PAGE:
And now here’s Craig Hockenberry, Director of Engineering, with the geeky details. How did Gibson approach the design challenge of balancing the brand’s heritage with the need to give players new sounds? Did they spend a lot of time analysing old pedals?

“We wanted to re-launch Maestro into the market with a line-up of pedals that would work nicely on anybody’s pedalboard,” explains Craig, “so we started out with these five fundamental pedals that look and sound very retro and true to the Maestro brand. The engineering team did a lot of research and analysis of vintage Maestro circuits to ensure we captured that tone and vibe.

“Each of the five pedals features a single toggle switch and three very responsive control knobs that really give the players a lot of flexibility to dial in their tone. We blended vintage and modern circuitry to achieve everything from classic tape-like delays to hard-hitting distortions.”

Three of the pedals have internal trimpots. Why was this chosen over extra controls on the outside?

“We used internally accessible trimmers for the controls that wouldn’t normally be adjusted very often,” says Craig. “This keeps a clean control surface and a familiar aesthetic.”

Gibson's Maestro Fuzz Tone FZ-M
The new Maestro Fuzz Tone FZ-M

And Craig’s favourite of the new pedals?

“Honestly, I don’t really have a favourite as they are all amazing and serve different purposes… but if I were forced to choose, I would have to go with the FZ-M. When it’s dialled in it captures that iconic tone of the FZ-1 and you just can’t deny the significance that pedal has had on music throughout the years.”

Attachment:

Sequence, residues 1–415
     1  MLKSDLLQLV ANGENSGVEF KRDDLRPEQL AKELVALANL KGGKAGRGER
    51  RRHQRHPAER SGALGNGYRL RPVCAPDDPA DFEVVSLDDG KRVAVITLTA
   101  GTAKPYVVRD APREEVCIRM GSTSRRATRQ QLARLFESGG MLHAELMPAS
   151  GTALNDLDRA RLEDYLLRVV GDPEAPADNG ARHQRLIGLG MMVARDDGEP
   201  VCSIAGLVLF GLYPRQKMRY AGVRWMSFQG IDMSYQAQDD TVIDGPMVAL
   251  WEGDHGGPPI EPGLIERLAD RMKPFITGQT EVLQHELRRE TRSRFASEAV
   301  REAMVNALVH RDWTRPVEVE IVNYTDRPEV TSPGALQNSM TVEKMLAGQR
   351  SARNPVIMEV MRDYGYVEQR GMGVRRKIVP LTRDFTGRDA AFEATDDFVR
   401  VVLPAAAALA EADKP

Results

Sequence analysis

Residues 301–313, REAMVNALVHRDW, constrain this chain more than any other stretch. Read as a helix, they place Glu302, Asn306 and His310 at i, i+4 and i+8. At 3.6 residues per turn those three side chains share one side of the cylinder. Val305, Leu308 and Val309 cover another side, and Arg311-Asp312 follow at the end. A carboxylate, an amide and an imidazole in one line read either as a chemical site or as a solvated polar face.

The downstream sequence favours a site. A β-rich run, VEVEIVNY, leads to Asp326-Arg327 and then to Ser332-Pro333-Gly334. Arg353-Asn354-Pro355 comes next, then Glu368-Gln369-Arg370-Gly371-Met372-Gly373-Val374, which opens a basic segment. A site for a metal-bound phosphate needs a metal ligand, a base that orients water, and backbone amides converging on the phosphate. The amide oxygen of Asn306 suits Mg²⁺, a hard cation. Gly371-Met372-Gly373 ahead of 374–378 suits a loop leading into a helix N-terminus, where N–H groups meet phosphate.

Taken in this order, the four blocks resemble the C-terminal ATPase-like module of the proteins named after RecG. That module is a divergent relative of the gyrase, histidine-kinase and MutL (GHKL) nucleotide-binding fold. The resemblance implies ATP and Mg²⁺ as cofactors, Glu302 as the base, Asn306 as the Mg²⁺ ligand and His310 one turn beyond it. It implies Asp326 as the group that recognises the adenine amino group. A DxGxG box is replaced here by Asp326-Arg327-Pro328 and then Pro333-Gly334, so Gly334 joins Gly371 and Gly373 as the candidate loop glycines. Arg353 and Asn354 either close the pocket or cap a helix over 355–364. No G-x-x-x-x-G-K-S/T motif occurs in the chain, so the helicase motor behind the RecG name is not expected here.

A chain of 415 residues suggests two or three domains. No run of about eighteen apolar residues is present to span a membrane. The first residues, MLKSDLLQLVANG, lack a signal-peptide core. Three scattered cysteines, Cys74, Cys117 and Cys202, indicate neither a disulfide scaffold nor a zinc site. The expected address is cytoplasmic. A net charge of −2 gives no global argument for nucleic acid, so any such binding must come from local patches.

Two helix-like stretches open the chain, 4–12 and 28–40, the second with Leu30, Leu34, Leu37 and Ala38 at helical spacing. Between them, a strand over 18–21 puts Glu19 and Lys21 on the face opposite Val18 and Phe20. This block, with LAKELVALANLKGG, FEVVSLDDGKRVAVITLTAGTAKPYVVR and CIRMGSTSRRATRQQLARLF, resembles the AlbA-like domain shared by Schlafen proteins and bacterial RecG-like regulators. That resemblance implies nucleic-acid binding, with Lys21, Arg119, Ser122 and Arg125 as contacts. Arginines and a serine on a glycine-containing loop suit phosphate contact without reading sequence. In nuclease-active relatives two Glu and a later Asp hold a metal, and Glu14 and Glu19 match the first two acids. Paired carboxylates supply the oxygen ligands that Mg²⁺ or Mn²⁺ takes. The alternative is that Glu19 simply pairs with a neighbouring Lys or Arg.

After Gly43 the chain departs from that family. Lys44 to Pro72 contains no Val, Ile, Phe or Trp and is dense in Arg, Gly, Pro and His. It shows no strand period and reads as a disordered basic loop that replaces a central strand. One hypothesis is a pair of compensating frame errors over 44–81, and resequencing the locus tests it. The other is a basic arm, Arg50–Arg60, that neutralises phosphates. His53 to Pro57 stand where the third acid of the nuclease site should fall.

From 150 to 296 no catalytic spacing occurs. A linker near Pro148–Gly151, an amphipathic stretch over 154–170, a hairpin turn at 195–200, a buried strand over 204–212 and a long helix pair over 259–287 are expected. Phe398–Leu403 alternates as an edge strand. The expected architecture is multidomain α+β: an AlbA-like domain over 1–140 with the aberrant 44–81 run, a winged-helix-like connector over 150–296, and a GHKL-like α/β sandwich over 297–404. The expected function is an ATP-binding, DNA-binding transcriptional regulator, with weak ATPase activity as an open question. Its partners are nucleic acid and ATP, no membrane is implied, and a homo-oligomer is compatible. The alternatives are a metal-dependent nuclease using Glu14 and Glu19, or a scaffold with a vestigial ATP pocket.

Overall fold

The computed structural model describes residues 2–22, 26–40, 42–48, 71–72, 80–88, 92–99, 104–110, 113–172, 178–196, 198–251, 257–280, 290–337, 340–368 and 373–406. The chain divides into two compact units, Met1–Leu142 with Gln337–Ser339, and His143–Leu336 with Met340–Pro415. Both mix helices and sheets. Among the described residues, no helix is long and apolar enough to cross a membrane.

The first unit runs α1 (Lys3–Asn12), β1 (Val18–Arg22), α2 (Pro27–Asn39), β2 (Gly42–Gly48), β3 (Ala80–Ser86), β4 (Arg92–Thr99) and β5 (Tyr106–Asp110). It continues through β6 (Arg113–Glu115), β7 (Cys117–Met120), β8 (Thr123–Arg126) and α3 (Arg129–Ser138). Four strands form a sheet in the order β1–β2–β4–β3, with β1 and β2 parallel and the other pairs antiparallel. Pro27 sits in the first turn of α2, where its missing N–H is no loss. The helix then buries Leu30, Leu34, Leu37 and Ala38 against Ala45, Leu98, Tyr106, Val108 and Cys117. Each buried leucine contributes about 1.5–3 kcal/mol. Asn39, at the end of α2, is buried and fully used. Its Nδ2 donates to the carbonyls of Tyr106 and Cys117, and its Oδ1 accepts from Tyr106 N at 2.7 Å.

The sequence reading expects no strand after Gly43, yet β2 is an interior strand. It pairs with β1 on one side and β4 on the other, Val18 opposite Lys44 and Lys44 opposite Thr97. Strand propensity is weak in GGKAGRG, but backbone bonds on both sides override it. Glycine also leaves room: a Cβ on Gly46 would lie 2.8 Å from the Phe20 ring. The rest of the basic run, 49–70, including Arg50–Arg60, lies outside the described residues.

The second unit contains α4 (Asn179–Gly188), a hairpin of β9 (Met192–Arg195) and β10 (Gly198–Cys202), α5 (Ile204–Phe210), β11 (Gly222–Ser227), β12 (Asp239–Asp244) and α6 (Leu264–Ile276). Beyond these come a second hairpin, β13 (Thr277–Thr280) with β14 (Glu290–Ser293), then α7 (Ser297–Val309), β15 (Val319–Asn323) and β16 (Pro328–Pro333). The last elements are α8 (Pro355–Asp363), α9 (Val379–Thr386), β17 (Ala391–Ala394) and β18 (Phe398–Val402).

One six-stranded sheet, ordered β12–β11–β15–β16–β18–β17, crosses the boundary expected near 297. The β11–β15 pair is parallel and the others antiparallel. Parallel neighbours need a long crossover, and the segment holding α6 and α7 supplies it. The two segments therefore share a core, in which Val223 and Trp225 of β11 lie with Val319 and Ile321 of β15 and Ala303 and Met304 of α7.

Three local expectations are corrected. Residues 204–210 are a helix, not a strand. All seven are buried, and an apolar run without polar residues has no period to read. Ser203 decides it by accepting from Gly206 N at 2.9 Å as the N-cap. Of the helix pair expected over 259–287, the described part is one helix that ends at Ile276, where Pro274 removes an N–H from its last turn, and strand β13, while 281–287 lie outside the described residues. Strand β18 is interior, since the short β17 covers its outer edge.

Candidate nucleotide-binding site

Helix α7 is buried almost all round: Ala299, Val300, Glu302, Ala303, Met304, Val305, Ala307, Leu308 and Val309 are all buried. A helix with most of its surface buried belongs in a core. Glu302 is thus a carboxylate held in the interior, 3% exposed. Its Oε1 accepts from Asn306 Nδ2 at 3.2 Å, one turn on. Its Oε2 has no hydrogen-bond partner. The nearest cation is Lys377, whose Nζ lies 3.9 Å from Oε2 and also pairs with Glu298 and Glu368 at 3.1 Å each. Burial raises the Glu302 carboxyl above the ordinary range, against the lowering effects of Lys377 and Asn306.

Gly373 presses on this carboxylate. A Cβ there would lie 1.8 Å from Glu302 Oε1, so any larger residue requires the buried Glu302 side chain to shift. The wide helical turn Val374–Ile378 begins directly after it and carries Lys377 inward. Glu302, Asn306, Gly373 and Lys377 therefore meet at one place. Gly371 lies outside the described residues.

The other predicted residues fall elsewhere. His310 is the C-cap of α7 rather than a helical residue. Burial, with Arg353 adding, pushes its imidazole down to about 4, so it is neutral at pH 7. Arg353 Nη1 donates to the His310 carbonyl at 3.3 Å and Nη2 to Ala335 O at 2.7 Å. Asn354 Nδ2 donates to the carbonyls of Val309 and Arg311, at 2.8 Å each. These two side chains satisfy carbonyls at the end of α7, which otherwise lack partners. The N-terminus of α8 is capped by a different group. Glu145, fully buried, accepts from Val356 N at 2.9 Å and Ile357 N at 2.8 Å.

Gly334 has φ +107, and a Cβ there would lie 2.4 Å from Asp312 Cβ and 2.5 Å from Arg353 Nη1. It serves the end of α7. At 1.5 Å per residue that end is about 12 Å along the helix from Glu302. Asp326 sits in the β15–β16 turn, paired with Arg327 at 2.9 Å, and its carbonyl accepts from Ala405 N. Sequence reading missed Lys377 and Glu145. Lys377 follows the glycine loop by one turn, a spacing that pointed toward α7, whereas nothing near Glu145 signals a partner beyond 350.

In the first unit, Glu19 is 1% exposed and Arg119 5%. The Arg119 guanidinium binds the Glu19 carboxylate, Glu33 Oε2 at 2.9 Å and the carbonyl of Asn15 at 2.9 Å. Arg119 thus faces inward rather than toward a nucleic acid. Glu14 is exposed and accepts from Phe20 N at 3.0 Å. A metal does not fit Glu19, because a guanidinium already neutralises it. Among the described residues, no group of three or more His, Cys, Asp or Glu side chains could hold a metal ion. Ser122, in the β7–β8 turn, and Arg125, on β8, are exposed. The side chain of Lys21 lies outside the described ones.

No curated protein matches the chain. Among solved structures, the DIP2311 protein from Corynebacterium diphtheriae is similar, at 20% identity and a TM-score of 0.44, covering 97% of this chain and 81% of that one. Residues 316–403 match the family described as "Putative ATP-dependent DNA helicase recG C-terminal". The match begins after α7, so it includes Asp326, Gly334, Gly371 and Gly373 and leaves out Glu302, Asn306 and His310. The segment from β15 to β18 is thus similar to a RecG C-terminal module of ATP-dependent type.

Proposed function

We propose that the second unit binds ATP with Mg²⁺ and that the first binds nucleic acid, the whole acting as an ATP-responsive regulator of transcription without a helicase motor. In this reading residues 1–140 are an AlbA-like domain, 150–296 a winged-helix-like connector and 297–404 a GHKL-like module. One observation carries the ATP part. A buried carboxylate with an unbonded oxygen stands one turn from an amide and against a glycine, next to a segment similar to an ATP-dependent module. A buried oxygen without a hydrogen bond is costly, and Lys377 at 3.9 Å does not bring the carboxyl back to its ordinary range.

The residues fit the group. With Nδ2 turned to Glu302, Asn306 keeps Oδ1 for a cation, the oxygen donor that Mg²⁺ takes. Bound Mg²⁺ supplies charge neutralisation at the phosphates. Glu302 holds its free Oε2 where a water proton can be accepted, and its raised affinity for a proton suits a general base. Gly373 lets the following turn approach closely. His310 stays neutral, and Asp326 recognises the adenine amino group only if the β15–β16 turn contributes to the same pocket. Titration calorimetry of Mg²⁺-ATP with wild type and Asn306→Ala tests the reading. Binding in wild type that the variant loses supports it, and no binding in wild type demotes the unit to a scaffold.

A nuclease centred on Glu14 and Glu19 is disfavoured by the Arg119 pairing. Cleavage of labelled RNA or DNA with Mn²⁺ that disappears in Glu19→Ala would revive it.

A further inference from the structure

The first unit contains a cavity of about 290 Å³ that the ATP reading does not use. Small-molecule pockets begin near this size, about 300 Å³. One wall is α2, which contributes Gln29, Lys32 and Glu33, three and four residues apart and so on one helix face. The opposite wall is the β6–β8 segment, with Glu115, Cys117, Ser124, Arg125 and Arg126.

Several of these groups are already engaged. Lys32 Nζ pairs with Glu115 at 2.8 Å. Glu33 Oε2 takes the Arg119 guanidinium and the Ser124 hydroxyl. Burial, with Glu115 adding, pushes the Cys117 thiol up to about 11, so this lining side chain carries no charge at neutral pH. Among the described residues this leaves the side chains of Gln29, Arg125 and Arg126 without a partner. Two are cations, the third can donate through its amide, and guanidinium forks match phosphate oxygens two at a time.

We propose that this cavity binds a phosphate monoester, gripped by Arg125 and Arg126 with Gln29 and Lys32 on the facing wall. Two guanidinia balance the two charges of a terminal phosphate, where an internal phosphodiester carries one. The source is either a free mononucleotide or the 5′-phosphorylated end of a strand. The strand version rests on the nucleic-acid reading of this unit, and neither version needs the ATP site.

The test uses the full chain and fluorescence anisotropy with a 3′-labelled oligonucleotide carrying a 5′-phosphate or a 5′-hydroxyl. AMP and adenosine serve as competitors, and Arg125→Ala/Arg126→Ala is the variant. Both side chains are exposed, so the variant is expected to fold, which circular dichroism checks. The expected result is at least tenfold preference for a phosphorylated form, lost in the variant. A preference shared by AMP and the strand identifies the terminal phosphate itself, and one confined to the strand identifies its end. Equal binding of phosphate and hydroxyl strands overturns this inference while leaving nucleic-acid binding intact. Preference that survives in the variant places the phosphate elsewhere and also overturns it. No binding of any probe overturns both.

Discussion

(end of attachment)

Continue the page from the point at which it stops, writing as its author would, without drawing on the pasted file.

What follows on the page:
Anyone who’s ever heard Keith Richards’ legendary Satisfaction riff – not to mention the countless other gnarly fuzz moments it’s influenced over the past half-century or so – will know exactly what Craig’s talking about here.

Back now let’s turn back to Mat Koehler for some insights into what else might be in the pipeline from this reborn brand. Aside from anything else, there seems to be a lot of love for the old Maestro PS-1 phaser – so why was that not included in the launch range?

“It’s coming!” says Mat. “But we wanted to start with the five most popular effect styles to give us a solid foundation to work from. We had a fuzz as the hero of this batch… we’ll let a phaser be the hero next time.”

And could we eventually see Maestro moving beyond the compact format?

“Some of the original Maestro pedals were gigantic – like comically large!” laughs Mat. “So I don’t think you’ll see anything like that, but we do have ideas to make larger-sized 2-in-1 units as well as some mini units. We have lots of classic form factors to riff on, one way or another.”

Don’t call it a comeback, then – this is simply the beginning of the latest chapter in a long and distinguished history that just happens to have rather a long gap in the middle. And you can be pretty sure we won’t have to wait 40-odd years for the next part.

Visit maestroelectronics.com for more.